Why India refuses foreign aid for Kerala floods?

Why India refuses foreign aid for Kerala floods?

Kamaraj IAS Academy | Why India refuses foreign aid for Kerala floods?
  • August 23, 2018, 12:44 pm

India refuses foreign aid for Kerala floods

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India has made its stand clear that the centre will not accept international assistance in dealing with the aftermath of Kerala floods, and this would include the Rs 700 crore assistance promised by the United Arab Emirates, Qatar Rs 35 crore and Maldives Rs 35 lakh to deal with the huge loss of life and property during the recent floods in Kerala.

India has politely turned down the offer from all three countries. The government’s debate undoubtedly has given rise to a fresh bout of debate on whether India should have refused the money.

Reaction of the state government

The Kerala government is clearly unhappy over the Centre's decision not to accept donations from foreign governments for flood relief operations.

The State government has asked the centre to accept the aid and go by the 2016 National disaster Management Plan. It also emphasized about the special bonds with the emirates and UAE cannot be considered as another nation. The reason behind it is Indians, especially Keralites, have contributed immensely in their nation-building of UAE.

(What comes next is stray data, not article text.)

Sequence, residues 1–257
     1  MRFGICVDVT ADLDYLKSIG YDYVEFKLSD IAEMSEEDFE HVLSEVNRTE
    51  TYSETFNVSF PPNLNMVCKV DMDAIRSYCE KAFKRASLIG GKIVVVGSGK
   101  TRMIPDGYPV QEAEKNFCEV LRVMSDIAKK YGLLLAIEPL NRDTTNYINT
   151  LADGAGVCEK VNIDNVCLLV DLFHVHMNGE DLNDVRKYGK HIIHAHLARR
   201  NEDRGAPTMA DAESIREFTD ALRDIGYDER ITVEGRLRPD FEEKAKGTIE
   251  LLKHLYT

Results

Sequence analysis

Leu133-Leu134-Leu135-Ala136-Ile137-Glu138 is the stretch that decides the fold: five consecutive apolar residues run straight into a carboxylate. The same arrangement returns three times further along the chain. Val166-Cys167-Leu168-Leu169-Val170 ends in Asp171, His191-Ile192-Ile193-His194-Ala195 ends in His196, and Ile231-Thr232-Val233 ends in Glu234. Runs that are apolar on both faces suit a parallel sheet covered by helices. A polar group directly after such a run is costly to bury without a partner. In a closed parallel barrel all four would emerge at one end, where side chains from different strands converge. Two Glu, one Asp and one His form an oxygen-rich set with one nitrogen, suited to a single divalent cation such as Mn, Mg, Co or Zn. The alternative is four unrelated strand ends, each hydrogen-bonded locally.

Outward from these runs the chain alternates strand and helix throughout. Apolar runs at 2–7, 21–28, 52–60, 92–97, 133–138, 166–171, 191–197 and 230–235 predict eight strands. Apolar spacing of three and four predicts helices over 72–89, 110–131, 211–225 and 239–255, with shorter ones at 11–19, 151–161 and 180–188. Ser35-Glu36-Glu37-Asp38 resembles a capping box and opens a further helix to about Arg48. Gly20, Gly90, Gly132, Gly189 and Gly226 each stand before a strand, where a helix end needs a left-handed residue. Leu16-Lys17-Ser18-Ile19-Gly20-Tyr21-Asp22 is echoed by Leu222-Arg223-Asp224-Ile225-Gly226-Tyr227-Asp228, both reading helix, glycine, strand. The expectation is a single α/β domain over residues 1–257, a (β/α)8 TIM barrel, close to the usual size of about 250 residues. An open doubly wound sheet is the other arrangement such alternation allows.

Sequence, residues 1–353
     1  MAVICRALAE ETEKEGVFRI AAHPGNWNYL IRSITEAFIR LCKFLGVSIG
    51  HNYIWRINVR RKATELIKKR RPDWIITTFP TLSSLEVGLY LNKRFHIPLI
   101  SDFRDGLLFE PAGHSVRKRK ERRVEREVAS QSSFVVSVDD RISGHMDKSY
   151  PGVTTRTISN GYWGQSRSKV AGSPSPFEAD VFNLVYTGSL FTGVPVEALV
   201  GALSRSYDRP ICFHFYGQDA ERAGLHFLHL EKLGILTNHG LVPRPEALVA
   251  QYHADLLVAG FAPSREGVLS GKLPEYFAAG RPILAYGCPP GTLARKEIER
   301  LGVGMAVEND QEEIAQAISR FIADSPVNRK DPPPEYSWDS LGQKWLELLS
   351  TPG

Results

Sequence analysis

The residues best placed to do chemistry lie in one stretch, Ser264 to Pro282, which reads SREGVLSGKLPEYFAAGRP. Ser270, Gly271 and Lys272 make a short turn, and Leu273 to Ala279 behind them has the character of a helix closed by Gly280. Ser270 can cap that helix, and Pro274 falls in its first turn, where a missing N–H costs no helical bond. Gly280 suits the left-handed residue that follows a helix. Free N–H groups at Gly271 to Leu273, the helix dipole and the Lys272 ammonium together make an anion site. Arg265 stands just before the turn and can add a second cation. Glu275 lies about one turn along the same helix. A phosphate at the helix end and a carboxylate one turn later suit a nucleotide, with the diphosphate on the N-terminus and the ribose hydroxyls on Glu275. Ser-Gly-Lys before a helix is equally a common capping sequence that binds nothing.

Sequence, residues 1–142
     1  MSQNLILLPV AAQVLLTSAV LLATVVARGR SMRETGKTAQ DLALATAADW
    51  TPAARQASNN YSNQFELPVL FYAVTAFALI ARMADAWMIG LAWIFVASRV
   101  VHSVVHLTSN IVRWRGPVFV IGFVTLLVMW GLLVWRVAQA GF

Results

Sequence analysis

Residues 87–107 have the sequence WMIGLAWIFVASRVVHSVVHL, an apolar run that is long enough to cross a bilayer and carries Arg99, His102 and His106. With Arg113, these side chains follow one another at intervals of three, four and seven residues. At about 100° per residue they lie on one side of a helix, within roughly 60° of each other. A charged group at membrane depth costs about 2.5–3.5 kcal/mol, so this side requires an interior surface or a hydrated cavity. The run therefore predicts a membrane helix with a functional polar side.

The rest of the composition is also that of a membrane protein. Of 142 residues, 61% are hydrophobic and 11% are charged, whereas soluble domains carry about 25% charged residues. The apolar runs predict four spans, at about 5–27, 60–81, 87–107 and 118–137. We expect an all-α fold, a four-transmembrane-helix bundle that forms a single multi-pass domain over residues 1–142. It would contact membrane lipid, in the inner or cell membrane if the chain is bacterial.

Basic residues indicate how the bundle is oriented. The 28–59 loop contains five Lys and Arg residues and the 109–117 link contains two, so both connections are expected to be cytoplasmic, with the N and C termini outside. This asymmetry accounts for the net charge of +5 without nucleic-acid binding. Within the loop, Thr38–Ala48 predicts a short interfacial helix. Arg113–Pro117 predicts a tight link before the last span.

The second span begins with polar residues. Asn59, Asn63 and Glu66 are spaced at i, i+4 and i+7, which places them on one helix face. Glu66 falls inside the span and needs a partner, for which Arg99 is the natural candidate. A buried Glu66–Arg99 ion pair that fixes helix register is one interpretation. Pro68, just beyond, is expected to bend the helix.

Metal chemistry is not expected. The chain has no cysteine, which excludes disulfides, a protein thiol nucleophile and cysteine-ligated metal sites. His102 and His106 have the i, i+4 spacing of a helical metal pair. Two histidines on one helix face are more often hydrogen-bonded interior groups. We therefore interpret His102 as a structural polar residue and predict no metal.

Why India refuses foreign aid?

India is reportedly sticking to its policy of not accepting disaster aid from foreign countries, instead depending solely on domestic resources.

India had evolved from its self image, growing confidence over its own capacity as well as its rising clout at the international stage as an emerging global power.

India’s Unwritten Foreign aid policy

The refusal to accept foreign funds to deal with disaster management and rehabilitation has been a consistent policy of India which is not a written policy.

This policy was first put to practice in December 2004 by then Prime minister Manmohan Singh following the Indian Ocean tsunami.

Till then, India had accepted foreign assistance, including in the wake of the Uttarkashi earthquake (1991), Latur earthquake (1993), Gujarat earthquake (2001), Bengal cyclone (2002), and the Bihar floods (July 2004).

But during the Uttarakhand cloudburst of 2013 that saw massive loss of life and property, the government refused to accept foreign aid.

In the past 14 years, India has refused aid from Russia, US and Japan for Uttarakhand floods in 2013, and for the Kashmir earthquake in 2005 and floods in Kashmir in 2014.

However, this policy is limited to foreign governments, and does not extend to individuals and charity organisations. “It is not possible to curtail aid from NRIs in foreign countries or NGOs working in the disaster management sector. Their funds can be accepted through the remittance route

What does the National Disaster Management Plan of 2016 says?

The National Disaster Management Plan, 2016 in Chapter 9 on International Cooperation states that - As a matter of policy, the Government of India does not issue any appeal for foreign assistance in the wake of a disaster. However, if the national government of another country voluntarily offers assistance as a goodwill gesture in solidarity with the disaster victims, the Central Government may accept the offer.

The Ministry of Home Affairs is required to coordinate with the Ministry of External Affairs, which is primarily responsible for reviewing foreign offers of assistance and channelising the same. In consultation with the concerned State Government, the MHA will assess the response requirements that the foreign teams can provide.

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